The Shift to Early Inheritance Gifting
Richard Bate explains how a combination of factors has led to a shift to earlier inheritance gifting.
Rising cost of living, concerns about inheritance tax and the challenges that the younger generations are facing, have led to more families gifting their inheritance sooner rather than later. Data reveals that 60,000 searches for “inheritance tax” occur each month in the UK, while an FOI request from HMRC reveals a 48% surge in families choosing to distribute their wealth before their passing over the past ten years.
As we begin to see a shift in inheritance trends, Weightmans seeks to delve deeper into this phenomenon, exploring the rise in early inheritance gifting.
The Rise of Early Inheritance Gifting
In 2023 many are grappling with a rising cost of living crisis, early inheritance gifting is acting as a much-needed cushion for the younger generation, in an otherwise tough economic climate.
Research by Barclays reveals that more than three in four 40-year-olds have already received some form of inheritance from their parents, with the majority putting this to use in savings and investments, setting up their own business, or buying their first property. According to data from IFS, those aged 25–34 are the age group most likely to receive a transfer, with around 1 in 10 receiving a gift and 1 in 25 receiving a loan over any two-year period. More than two-thirds of gifts are received from recipients’ parents, with a further 9% received from grandparents or great-grandparents.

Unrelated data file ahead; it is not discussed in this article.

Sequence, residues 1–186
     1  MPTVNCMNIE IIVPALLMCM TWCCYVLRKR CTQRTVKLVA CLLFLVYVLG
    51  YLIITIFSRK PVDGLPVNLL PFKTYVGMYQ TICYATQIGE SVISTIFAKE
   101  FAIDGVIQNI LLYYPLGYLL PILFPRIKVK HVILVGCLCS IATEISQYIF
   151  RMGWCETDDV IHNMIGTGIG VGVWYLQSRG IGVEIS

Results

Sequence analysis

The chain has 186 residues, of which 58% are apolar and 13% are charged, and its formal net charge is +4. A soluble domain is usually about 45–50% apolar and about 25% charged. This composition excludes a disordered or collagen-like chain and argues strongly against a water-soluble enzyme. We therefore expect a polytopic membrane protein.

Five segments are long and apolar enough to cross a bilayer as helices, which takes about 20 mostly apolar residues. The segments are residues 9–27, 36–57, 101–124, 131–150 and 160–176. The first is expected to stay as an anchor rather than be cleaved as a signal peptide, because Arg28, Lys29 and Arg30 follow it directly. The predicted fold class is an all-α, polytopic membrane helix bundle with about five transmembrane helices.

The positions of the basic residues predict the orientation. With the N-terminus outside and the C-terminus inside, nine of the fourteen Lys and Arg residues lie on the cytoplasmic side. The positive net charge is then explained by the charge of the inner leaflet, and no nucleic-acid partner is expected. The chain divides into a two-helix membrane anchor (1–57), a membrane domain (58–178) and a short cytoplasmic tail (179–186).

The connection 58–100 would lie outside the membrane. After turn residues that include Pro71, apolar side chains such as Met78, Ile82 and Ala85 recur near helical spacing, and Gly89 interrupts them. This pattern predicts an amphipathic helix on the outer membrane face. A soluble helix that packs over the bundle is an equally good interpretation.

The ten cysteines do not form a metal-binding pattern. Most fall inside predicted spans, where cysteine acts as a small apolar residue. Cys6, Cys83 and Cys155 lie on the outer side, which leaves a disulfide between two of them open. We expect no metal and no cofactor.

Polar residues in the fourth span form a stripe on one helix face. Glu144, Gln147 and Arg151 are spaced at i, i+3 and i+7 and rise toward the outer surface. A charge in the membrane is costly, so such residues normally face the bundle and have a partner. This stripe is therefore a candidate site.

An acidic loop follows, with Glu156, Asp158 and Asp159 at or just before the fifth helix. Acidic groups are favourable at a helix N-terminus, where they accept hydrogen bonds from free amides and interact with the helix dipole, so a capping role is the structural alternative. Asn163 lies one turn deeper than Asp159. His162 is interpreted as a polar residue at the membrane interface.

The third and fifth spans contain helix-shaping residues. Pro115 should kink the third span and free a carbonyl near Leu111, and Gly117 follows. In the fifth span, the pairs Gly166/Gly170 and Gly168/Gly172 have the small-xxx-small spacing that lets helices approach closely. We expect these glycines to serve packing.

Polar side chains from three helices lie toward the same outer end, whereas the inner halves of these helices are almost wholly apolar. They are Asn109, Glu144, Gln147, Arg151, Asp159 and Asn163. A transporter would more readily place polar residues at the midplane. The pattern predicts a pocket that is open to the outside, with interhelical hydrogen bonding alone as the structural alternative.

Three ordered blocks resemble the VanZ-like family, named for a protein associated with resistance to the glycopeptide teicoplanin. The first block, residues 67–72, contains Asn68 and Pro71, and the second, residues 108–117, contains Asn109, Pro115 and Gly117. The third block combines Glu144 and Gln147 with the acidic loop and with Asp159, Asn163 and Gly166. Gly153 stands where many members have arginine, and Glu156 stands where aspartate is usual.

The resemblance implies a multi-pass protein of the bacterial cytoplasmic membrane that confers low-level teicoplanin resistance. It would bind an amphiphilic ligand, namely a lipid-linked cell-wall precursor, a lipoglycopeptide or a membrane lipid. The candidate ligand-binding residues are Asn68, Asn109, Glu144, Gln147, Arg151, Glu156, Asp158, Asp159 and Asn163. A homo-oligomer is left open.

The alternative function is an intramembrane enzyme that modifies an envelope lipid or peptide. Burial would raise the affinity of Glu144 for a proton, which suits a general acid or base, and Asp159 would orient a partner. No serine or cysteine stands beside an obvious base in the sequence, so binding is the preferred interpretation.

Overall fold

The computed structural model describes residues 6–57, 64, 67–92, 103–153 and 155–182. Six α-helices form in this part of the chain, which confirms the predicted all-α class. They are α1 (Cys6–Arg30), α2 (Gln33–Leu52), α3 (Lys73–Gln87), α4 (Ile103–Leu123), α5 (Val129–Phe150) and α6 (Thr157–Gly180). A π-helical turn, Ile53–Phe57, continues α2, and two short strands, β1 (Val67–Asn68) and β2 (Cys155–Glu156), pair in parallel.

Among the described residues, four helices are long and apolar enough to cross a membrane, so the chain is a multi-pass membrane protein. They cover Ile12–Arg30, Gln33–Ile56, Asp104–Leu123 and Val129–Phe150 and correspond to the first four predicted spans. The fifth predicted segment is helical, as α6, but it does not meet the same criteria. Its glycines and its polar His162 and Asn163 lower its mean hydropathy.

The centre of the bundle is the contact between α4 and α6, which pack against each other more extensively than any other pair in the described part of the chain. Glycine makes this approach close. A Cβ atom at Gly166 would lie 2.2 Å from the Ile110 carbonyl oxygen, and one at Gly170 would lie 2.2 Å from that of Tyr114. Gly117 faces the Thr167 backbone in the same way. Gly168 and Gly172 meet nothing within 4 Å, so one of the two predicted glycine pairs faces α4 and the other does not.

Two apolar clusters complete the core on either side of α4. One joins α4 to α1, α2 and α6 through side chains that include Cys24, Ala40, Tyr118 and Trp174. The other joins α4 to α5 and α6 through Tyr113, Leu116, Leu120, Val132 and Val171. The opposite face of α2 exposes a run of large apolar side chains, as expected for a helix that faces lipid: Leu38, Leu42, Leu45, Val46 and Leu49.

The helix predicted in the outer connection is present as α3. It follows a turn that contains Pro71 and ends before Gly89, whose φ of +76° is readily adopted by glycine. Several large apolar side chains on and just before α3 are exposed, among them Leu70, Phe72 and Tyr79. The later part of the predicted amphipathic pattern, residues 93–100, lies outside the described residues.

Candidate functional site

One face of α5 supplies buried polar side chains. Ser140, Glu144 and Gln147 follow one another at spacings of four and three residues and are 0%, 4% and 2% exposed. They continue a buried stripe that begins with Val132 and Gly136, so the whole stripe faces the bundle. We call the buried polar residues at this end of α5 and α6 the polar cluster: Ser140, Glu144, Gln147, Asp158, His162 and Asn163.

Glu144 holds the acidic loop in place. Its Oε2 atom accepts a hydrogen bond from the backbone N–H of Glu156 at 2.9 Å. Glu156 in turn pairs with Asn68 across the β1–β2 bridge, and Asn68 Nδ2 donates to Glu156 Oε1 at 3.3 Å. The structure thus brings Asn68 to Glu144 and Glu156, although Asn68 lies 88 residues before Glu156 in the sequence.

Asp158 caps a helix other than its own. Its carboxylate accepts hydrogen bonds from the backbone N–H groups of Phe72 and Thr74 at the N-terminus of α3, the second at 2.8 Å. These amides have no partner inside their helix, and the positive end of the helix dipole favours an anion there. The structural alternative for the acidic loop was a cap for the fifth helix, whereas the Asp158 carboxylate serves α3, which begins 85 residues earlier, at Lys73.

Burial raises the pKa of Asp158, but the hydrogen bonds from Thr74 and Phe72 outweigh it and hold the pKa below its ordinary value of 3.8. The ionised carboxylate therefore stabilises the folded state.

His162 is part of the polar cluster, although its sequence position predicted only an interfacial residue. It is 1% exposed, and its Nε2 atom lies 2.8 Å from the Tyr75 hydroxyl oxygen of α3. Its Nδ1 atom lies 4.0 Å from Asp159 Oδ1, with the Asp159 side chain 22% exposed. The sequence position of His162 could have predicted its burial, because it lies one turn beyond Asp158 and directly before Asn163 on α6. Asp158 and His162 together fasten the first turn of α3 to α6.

This early financial boost can be instrumental in helping beneficiaries manage significant life events, such as buying a home or navigating the rising costs of day-to-day living.
Homeownership Amidst Rising Living Costs
With soaring prices, many find themselves without the necessary assets or financial footing to enter the market. Familial support, once a bonus, has become essential for many of this younger generation. With house prices escalating and the affordability gap widening, helping to buy a house is the most common scenario where financial support is given.
Data from Schroders reveals that the average house price in the UK is now approximately nine times the average annual income. The rise in property prices over the past six decades brings into sharp focus the disparities between generations. While nearly half continue to rely on personal savings for the initial deposit, 56% of recent survey participants acknowledged the indispensable role of family financial support in achieving their homeownership aspirations.